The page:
Southwick scofflaw sentenced

WESTFIELD – A Southwick man will stop driving without a valid license – for at least five months – after an appearance in Westfield District Court yesterday sent him to the Hampden County House of Correction.
Alfonso Ferrentino, 57, of 131 College Highway, came to the attention of Agawam police officer Brian Machos on Aug. 20, 2012, when, Machos reports, he cut off the officer’s unmarked cruiser while circling the rotary which provides access to Route 5 and the South End Bridge.
Machos reports he immediately activated his cruiser’s lights and siren but the BMW which Ferrentino was driving did not stop and proceeded around the rotary and up the ramp to the bridge, stopping only after the Agawam officer followed his car on to the bridge.
At that time, Machos found that Ferrentino’s license had been revoked and he was arrested for operating a motor vehicle with a suspended license and for a marked lanes violation.
His car was towed and a pre-tow inventory revealed a baggie containing a white powder. When the powder tested positive for cocaine, a charge of possession of a Class B substance was added.
Ferrentino was arraigned the next day and, when Judge Philip Contant allowed his release on $500 cash bail, he specifically ordered that Ferrentino refrain from operating a motor vehicle “without a valid license.”
However, Ferrentino came to the attention of Southwick police on November 26 when a citizen informed Officer Michael Taggart that a male party at Grist Mill Plaza in a white Mercedes coupe appeared to be intoxicated.
Taggart reports that he observed the car leaving the plaza and followed it northbound on College Highway until he observed the car cross the fog line on the roadway.
When Taggart activated his cruiser’s lights and siren, the Mercedes did not stop but continued for a mile and a half with its tires straddling the fog line before stopping on College Highway.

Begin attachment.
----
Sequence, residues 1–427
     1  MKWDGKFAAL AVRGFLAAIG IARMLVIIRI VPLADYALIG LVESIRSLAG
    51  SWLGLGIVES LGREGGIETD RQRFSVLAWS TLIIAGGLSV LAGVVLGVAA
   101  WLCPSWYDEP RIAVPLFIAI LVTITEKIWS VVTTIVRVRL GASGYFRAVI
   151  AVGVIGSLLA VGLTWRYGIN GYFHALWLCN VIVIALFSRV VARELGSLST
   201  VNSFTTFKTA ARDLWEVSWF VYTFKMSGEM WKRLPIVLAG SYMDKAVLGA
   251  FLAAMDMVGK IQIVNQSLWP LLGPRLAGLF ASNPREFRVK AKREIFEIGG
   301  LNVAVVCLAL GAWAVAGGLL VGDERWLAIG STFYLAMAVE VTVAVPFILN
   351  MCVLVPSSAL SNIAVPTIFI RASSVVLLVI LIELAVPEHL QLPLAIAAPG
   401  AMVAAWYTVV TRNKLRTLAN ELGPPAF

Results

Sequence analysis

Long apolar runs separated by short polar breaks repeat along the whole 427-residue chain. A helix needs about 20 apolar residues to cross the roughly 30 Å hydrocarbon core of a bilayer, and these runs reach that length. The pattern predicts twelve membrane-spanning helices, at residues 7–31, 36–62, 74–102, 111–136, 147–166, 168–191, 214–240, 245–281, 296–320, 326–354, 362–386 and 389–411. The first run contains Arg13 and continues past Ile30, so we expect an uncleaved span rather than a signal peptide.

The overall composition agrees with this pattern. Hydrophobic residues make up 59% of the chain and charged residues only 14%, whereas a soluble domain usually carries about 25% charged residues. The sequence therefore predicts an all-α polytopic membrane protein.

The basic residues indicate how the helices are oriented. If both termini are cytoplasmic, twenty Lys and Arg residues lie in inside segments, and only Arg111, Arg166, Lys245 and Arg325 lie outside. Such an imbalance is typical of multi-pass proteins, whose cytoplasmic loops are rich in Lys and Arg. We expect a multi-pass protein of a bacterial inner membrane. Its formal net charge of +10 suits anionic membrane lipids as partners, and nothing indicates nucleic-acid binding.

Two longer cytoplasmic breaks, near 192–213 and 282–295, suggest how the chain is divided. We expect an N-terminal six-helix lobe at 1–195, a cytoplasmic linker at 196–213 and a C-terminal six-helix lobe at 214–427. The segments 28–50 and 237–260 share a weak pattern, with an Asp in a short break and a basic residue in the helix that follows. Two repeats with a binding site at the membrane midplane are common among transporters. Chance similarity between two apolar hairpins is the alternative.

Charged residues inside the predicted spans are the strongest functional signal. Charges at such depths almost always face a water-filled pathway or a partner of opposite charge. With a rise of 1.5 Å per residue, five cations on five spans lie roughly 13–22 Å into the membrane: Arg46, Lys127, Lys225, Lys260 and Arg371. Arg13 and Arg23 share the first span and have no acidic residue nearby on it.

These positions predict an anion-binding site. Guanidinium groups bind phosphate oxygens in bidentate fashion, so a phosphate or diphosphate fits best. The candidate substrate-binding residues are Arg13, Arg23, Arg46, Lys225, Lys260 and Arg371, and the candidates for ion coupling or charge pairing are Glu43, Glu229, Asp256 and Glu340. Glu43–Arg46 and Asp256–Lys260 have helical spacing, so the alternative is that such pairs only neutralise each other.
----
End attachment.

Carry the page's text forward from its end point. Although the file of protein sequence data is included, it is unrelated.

Taggart reports that while he was reporting the situation to his dispatcher, Ferrentino sped away and Taggart gave pursuit.
Taggart reports that he measured Ferrentino’s vehicle speed at 67 mph and accelerating in the posted 45 mph zone.  He observed it cross the center line to pass a northbound car, causing a southbound car to swerve out of harm’s way.
Although Taggart broke off the pursuit and deactivated his lights and sirens in the interests of safety when traffic increased, the Southwick officer followed the fleeing Ferrentino into Westfield and caught up with him at the traffic lights at the intersection of Southwick Road and South Maple Street.
But, when Taggart again activated his take down lights and started to exit his cruiser, Ferrentino again crossed the center line, cutting off southbound traffic, and fled, turning on to Crane Avenue.
However, Ferrentino did not turn from Crane Avenue on to Mill Street or Highland Avenue, but, passing a “Dead end” sign, continued to the end of Crane Avenue where a gate barred his passage.
Ferrentino was arrested for operating a motor vehicle with a suspended license, operating to endanger, failure to stay in marked lanes, speeding and failure to stop for police.
Ferrentino was arraigned before Contant again the next day and Assistant District Attorney Mary Partyka filed a motion for revocation of bail.
Contant allowed the motion noting that “This is the defendant’s seventh operating a motor vehicle after suspension offense”, that the new charges “violated pretrial conditions of release” and that Ferrentino has a history of “at least nine prior appearance defaults.”
He ordered that Ferrentino be held without right to bail.
On Thursday, Ferrentino appeared before Judge Robert Murphy and, in both of the pending cases, pleaded guilty to all charges.
For the charges leveled by Agawam police, Murphy sentenced Ferrentino to two concurrent 60-day terms in the house of correction.
For the Southwick charges, Ferrentino’s attorney, Melissa Erica Bodanza of Westfield, recommended another pair of 60-day sentences and Partyka countered with a recommendation of two nine month sentences.
Murphy ordered that Ferrentino serve two concurrent 90-day terms.
Although sentences imposed on separate cases are often ordered to be served concurrently, in Ferrentino’s case, Murphy ordered that the two pairs of sentences be served consecutively.
The result of Murphy’s decision will be that Ferrentino will not start serving the second pair of terms until he completes the sentences for the other two offenses.

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